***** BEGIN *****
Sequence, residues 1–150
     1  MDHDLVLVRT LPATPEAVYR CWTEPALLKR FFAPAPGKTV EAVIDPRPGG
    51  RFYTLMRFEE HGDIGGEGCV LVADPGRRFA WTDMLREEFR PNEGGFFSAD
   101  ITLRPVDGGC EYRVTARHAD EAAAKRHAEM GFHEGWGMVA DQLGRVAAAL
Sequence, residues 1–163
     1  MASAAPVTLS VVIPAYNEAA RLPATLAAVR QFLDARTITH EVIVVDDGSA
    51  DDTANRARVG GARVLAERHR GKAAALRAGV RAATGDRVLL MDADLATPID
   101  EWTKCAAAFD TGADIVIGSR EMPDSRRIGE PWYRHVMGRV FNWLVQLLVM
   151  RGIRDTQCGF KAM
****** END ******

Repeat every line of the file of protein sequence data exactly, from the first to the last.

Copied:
Sequence, residues 1–150
     1  MDHDLVLVRT LPATPEAVYR CWTEPALLKR FFAPAPGKTV EAVIDPRPGG
    51  RFYTLMRFEE HGDIGGEGCV LVADPGRRFA WTDMLREEFR PNEGGFFSAD
   101  ITLRPVDGGC EYRVTARHAD EAAAKRHAEM GFHEGWGMVA DQLGRVAAAL
Sequence, residues 1–163
     1  MASAAPVTLS VVIPAYNEAA RLPATLAAVR QFLDARTITH EVIVVDDGSA
    51  DDTANRARVG GARVLAERHR GKAAALRAGV RAATGDRVLL MDADLATPID
   101  EWTKCAAAFD TGADIVIGSR EMPDSRRIGE PWYRHVMGRV FNWLVQLLVM
   151  RGIRDTQCGF KAM